However we have to consider that not only the sample size in those locations are small, but we are also without context as to what happened during those at-bats. Were they all fastballs and the hitter simply caught up? Were his breaking pitches ugly and obvious? Those questions are important because Black’s release points are not as tight as you’d like. His fastball and slider can sometimes overlap but for the most part, they are out of a different arm slot. A small difference but one nonetheless.
Black’s slider has all the fixings for a killer out pitch (if it isn’t already) that held the third-best spin rate in 2018 at 3091 rpm. Coupled with his mid/high-80s velocity and its spin axis, Black creates a lot of horizontal movement with some nice drop. The great thing about the pitch is that hitters are generally waiting on his fastball so when the slider comes at them, they are rarely ready for it. Take this strikeout from last summer versus the Oakland Athletics.
His numbers are pretty good on the 92 sliders he threw in 2018- .136 BAA (.167 BABIP), 47% SwStr-rate, but almost half of them fell for a ball. Now, that’s generally not a bad thing on breaking pitches but his chase rate on that pitch was well below league average. Another detriment is his home run rate per swing was basically the same as his fastball.
His curveball, which doesn’t warrant much analysis was thrown a bit less than his slider and the main problem is that either pitch can be mistaken for the other (the general consensus is the majority are sliders). Despite the fact that Pitch Info rated the curve a 2.51 wCB/C, two out of every three pitches landed out of the zone and were offered at just 25% of the time.
Black appears to want to challenge hitters with his fastball by trying to blow them away. For lesser hitters, that strategy can work. I’d like to see him keep the fastball up a lot more and try to go in on the hitter’s hands. This might be a lot to ask as Black’s control rating is a 35 (20/80). Too many of his four-seamers were left in the hitter’s wheelhouse and being a pitcher with essentially two pitches, one of which you throw a lot more, a hitter can sit on the pitch regardless of velocity. I’ve explained in the past that you need to understand the situation you’re in and be ‘liquid’ with your approach. Black hs all the confidence in his fastball and needs to believe in his slider/curveball (slurve?) more often to help him swing the count back in his favor. We know his accuracy with the breaking pitches were an issue but he can increase his chase rate if he mixes the pitches better.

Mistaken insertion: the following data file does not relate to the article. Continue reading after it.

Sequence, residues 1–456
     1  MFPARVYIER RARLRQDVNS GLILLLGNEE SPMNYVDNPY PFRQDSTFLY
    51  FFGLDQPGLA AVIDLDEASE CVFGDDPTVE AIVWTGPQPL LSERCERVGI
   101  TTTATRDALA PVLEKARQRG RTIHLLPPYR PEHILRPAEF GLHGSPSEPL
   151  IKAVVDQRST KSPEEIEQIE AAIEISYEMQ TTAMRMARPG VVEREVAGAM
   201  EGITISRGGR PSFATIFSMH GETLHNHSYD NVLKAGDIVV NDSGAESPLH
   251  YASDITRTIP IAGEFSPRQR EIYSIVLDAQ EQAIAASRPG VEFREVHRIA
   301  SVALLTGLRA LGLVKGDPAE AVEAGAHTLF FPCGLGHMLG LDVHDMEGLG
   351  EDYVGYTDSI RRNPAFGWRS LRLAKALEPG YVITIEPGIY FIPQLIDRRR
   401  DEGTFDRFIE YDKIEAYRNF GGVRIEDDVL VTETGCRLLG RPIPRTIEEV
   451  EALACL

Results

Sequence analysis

Here’s something I like a lot about Black. Notice that early in counts, or when he gets behind, he’s fastball-heavy and that’s when the damage is done to him.
The bright spot is Chart 6 which shows his count trends. Notice he does well to get ahead (or at least get to an even count) and much less often falls behind. That’s important to maintain or even expand upon this year. Note in Chart 5 how when he’s ahead or with two strikes, he becomes more unpredictable (or liquid).
Too often Black wanted to rely on his velocity and he doesn’t need to do that. Despite his slightly sundered release points, his fastball and slider have the movement (given proper location) to create tunnels causing hitters to have to guess a lot more. It’s so much harder to have to plan for a near-100MPH pitch than one in the lower echelon. If that slider can become more of a staple in his repertoire, hitters won’t stand a chance. Hits will become more a product of luck than skill.
The big concern will be his arm. Can Black maintain his proclivities without causing further damage? What’s good for Black is that he’s embracing pitch metrics and will hopefully better understand what he can do to take a big step forward in 2019. Should he figure it all out, the Giants will have a tremendous weapon in their bullpen this year.
(Photo by Stephen Hopson/Icon Sportswire)